It is important to understand immigration laws in Denver, their associated rights, Colorado’s laws that impact immigration and the general filing process for obtaining a visa in Colorado’s capital city.

Who Is Covered By Immigration Laws in Denver, CO?

Immigration laws and procedures in Denver, as in every other city in the U.S., are set out in the Immigration and Nationality Act (INA). The INA sets out provisions on who can receive immigration visas, how many can be issued and the rights of those immigrants. Below are common types of immigrants or individuals that are covered by the INA.

Immigrant Rights Under Colorado Immigration Laws

Even if you are just setting foot in Colorado, you have a number of rights under the U.S. Constitution and state laws.

Under the 14th Amendment, you have the right to equal protection under U.S. law and you cannot be discriminated against based on your nationality, race, religion, gender, country of origin, language, age or disability. If an Immigration and Customs Enforcement (ICE) agent questions you, you have the right to remain silent under the Fifth Amendment. You are also protected from unreasonable search and seizure under the Fourth Amendment.

If you are an immigrant working in Colorado—regardless of your status—you have the right to wages for your work provided. If wages are withheld, you have the right to demand them from your employer, potentially with the help of a lawyer.

Though immigrants have a number of legal protections in place, there are responsibilities that come with being on U.S. soil. For example, all lawful permanent residents must follow state and federal laws, pay income taxes, maintain their immigration status, keep proof of their residency status on them at all times and update their address in the USCIS system as needed.

Colorado Laws That Impact Immigrants

In addition to federal laws, Colorado has a number of state laws that impact immigrant’s rights regarding employment, tuition and other key areas. Below is a short summary of relevant immigration laws in the state.

  • HB19-1224. This law prevents federal immigration officers from overreaching using state resources. Under this statute, state law enforcement officers are not permitted to arrest or detain someone solely because of a civil immigration detainer. Additionally, probation officers—or probation employees—are prohibited from providing an immigrant’s personal information to federal immigration authorities.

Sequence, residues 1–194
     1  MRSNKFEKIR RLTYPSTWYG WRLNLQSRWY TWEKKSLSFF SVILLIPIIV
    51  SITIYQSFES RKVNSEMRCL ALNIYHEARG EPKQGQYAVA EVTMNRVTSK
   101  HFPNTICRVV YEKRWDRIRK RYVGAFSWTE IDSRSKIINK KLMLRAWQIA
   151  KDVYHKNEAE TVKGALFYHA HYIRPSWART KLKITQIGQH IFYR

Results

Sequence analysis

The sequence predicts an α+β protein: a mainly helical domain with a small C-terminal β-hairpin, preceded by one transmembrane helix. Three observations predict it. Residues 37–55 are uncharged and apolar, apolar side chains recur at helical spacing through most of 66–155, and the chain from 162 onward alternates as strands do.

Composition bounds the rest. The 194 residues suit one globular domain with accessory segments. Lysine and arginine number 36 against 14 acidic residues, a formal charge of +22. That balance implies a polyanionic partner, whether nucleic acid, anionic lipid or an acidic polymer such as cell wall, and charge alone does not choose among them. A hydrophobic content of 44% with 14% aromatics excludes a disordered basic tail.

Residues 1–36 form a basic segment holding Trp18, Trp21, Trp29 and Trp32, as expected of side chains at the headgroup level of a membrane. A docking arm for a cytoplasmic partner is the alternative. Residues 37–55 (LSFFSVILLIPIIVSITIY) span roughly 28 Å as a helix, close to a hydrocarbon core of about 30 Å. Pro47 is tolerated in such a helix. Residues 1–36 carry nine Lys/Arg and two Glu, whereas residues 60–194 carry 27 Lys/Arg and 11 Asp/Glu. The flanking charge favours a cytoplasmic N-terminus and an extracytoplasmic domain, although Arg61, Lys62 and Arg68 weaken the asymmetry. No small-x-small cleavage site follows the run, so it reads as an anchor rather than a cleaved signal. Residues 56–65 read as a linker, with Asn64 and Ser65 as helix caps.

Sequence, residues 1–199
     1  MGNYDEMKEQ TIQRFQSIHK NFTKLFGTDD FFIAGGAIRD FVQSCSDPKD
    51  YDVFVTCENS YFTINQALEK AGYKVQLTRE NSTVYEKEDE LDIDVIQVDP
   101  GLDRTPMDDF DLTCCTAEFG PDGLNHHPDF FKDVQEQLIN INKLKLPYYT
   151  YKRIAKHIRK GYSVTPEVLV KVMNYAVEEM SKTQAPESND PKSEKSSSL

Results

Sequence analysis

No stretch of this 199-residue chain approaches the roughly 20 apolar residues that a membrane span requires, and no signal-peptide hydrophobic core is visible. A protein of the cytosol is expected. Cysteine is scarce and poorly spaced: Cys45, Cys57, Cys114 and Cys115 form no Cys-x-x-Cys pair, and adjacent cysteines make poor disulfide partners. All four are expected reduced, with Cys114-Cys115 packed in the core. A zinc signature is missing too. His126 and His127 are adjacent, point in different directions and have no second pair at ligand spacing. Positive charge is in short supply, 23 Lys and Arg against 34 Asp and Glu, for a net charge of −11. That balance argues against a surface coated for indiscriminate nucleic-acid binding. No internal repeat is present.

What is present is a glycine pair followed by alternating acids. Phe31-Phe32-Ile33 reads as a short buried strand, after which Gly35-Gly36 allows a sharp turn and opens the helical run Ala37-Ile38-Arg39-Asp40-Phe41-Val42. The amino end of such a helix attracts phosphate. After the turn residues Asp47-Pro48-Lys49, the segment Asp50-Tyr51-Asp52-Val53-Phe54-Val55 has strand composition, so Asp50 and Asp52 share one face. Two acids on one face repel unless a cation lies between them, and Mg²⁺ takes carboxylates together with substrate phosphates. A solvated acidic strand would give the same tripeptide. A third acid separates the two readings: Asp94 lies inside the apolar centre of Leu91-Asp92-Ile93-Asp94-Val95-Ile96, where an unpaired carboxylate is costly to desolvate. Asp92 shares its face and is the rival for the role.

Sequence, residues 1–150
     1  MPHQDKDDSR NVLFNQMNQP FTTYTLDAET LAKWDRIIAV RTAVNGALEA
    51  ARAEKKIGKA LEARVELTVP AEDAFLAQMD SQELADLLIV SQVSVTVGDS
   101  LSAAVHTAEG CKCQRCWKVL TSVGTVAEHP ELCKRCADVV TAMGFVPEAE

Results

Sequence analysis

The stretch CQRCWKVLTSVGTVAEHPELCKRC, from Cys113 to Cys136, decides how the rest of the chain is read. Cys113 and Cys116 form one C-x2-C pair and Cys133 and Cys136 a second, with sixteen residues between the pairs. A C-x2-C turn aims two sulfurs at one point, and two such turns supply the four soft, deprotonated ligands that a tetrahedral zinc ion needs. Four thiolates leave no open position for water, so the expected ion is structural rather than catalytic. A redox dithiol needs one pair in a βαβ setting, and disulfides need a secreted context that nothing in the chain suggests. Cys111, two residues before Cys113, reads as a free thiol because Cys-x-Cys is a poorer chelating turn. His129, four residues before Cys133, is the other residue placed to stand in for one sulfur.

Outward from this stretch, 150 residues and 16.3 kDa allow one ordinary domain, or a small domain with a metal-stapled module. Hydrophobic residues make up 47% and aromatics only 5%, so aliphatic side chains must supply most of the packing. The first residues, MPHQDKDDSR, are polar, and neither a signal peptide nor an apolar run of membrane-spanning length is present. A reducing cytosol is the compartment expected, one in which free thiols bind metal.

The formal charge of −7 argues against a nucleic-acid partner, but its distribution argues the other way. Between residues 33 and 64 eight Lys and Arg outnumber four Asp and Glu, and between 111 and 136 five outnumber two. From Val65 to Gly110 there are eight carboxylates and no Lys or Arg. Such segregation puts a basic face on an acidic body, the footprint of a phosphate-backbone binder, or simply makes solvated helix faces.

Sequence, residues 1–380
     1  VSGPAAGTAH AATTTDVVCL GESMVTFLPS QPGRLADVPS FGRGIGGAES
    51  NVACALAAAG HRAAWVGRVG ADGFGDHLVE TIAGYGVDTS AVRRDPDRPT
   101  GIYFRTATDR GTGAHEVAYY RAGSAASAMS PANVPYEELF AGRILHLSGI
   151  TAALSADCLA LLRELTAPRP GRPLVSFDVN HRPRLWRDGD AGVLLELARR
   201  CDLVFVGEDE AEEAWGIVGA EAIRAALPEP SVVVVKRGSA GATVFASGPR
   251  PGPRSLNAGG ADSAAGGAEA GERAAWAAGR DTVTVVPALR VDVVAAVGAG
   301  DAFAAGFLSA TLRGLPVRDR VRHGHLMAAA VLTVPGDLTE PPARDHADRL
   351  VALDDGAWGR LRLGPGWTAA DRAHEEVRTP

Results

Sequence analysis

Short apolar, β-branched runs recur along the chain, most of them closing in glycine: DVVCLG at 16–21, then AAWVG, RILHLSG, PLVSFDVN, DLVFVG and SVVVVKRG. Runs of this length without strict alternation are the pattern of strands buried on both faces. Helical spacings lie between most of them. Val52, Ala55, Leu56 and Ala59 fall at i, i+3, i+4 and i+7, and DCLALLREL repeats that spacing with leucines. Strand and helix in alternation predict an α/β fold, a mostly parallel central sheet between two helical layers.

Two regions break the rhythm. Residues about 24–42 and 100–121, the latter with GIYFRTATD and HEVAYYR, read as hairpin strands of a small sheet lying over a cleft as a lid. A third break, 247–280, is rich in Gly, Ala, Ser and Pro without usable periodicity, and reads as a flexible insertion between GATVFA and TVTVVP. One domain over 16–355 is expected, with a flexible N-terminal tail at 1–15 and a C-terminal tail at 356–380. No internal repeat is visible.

• HB21-1194. As of June 2021, an immigration legal defense fund was created for the purpose of awarding grants to nonprofit organizations that assist indigent immigrants who are subject to immigration proceedings.
  • SB21-1131. This bill limits access to immigrant personal identifying information (PII) by federal immigration agencies. State law enforcement that has PII of an immigrant that is not public cannot release it for the purpose of investigating for, cooperating with or assisting federal immigration enforcement officials—unless a court order, warrant or subpoena is issued, or if state or federal law mandates the release of that PII.

Filing Process for Immigration in Denver, CO

Coming into Denver as an immigrant is not a one-size-fits-all approach. Immigrants have multiple options for immigrant visas, but the most common are family-based visas and employment-based visas.

Family-based immigrant visas are acquired through sponsorship from a family member that is a U.S. citizen or lawful permanent resident. U.S. citizens can file a petition for their spouse, child, parent or sibling that is seeking to come to the United States. Permanent residents can file a petition only for an unmarried child or spouse.

Both the applicant and the sponsor must present identification documents to show they are eligible for immigration. The family member sponsoring the applicant is required to submit an affidavit of support stating they will support the applicant, as well as proof of their financial situation. The applicant must pass an immigration interview with a consular officer and undergo a medical examination.

Employment-based immigration visas are similar, in that the employer generally sponsors the immigrant and provides proof they can adequately do so. First, however, the employer needs to receive a labor certification approval from the Department of Labor before filing Form I-140, Immigrant Petition for an Alien Worker. The applicant will also undergo an immigration interview and medical examination the same as if they were applying for a family-based immigration visa.

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immigration law, immigration-law,

Last Update: July 11, 2024

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